Piquant Liver

One of the things I looked forward to most during my European Peace Walk through Austria, Hungary, Slovenia, Croatia and Italy was exploring local cuisine, delighting at the newly discovered variety and novelty. The obverse of course is also, unfortunately, true. Ill-prepared, bland tourist fodder or the ubiquitous pizza or kebab,IMG_0866 usually on offer in the same low-grade style cafe – sometimes the only thing available in villages along the route of my walk – so I congratulated myself when, after a fairly gruelling walk of 30k plus, I arrived in Postojna in south-western Slovenia and looked forward to a good meal.

A lusty male choir in the chilly town square made sitting on the outdoor terrace of Hotel Kras unattractive and there were no seats in the bustling, brightly lit restaurant inside, but the waitress recommended another restaurant a few hundred metres away but, when I arrived, it was another pizza restaurant and it was closed.

Hunger began to make the prospect of a kebab seem feasible especially as a light rain started. A policeman mentioned a restaurant in the “red house” on the far side of the square but that too seemed to be closed as there were no lights on. Despairing, I walked around to the car park at the back and there was a lighted staircase leading to a basement restaurant, bright, warm and cheery inside.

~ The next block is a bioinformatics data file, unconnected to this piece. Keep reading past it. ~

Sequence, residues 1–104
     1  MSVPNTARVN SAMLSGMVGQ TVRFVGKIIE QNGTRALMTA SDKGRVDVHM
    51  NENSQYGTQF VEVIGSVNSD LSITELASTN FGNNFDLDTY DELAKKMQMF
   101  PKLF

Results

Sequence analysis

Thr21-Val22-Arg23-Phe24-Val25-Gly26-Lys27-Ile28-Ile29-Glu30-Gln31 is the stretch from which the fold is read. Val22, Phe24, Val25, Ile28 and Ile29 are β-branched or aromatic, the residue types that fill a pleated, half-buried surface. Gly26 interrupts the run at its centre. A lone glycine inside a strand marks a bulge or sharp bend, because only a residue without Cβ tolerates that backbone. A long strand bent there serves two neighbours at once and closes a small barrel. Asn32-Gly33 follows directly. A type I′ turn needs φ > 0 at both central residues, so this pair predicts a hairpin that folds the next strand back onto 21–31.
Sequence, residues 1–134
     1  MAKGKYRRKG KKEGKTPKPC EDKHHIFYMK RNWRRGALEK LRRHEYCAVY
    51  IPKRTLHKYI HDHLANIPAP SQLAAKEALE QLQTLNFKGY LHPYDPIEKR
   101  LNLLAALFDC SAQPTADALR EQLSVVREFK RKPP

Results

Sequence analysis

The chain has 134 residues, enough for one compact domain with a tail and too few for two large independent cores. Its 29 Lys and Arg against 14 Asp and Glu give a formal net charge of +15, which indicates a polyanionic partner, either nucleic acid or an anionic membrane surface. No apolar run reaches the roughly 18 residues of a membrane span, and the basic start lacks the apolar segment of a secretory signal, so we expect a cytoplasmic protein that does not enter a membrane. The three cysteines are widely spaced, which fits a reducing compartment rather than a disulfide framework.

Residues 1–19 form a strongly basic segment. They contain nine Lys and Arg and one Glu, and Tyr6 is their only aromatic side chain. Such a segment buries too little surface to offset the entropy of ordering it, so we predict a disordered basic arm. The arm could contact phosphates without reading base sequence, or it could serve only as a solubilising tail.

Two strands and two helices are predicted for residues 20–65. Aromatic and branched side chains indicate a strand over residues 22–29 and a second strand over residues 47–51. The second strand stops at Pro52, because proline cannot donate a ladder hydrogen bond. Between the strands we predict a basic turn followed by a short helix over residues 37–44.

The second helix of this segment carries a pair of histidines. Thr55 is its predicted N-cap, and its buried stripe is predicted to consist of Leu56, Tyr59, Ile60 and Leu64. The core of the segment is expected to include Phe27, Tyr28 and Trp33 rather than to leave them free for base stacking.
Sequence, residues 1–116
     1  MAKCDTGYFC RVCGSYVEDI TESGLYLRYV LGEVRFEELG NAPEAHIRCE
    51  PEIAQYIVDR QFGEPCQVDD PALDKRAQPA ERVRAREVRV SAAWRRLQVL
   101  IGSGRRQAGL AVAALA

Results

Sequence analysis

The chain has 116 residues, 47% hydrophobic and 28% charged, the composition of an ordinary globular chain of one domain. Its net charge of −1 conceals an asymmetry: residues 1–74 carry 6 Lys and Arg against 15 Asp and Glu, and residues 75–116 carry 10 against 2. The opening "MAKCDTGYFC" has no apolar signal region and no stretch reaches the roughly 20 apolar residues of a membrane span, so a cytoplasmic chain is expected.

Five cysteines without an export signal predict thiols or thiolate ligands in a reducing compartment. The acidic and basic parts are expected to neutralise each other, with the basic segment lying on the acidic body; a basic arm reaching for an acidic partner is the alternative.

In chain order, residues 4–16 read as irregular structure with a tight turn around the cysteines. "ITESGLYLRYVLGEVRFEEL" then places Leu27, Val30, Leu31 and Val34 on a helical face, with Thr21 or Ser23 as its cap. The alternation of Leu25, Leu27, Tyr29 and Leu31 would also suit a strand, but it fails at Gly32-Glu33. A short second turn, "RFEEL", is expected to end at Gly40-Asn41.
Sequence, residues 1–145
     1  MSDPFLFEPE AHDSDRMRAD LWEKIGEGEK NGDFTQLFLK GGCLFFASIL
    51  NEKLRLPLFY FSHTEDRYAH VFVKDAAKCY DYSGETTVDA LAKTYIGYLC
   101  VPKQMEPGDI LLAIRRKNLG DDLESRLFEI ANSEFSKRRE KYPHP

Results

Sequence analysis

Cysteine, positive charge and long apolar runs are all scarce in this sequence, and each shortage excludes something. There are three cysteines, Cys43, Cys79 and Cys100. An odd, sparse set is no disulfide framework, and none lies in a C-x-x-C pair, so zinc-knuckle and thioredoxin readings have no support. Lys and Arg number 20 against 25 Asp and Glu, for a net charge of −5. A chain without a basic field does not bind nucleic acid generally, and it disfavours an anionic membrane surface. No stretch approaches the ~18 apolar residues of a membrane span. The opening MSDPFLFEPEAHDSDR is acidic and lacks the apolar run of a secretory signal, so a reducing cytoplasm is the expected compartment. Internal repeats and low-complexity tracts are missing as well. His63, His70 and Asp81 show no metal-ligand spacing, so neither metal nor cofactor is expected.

There was an English menu and the chef’s specialty was braised liver in red wine. No hesitation here, a bottle of red wine – the waiter’s recommendation – and a starter of stuffed wild mushrooms in a nutty sauce and a delicious, rich dish of tender liver slivers, still pink inside.

I have distinct – and delicious – childhood memories of liver with creamed spuds and baked beans but since then I seem to have skipped over offal themed meals, although there was that fantastic liver, bacon and onion dish in the Serasa Yacht Club but that was in another lifetime and a different century! Anyway, inspired by my Slovenian meal, here is my take on liver, for what it is worth.

Ingredients

200 g lamb liver                            1 onion, cut in ringsIMG_0984

3/4 tsp whole black pepper

1/2 tsp mustard powder

1/2 tsp flour

10g butter

1 tsp oil

good splash of medium dry sherry

splash of Worcestershire sauce

1 Tblsp lemon juice

salt

Method

1.Crush the peppercorns and mix with the flour and mustard powder.IMG_0990

2. Heat oil and fry the onion rings for about 10 minutes until brown at the edges. Remove from heat.IMG_0991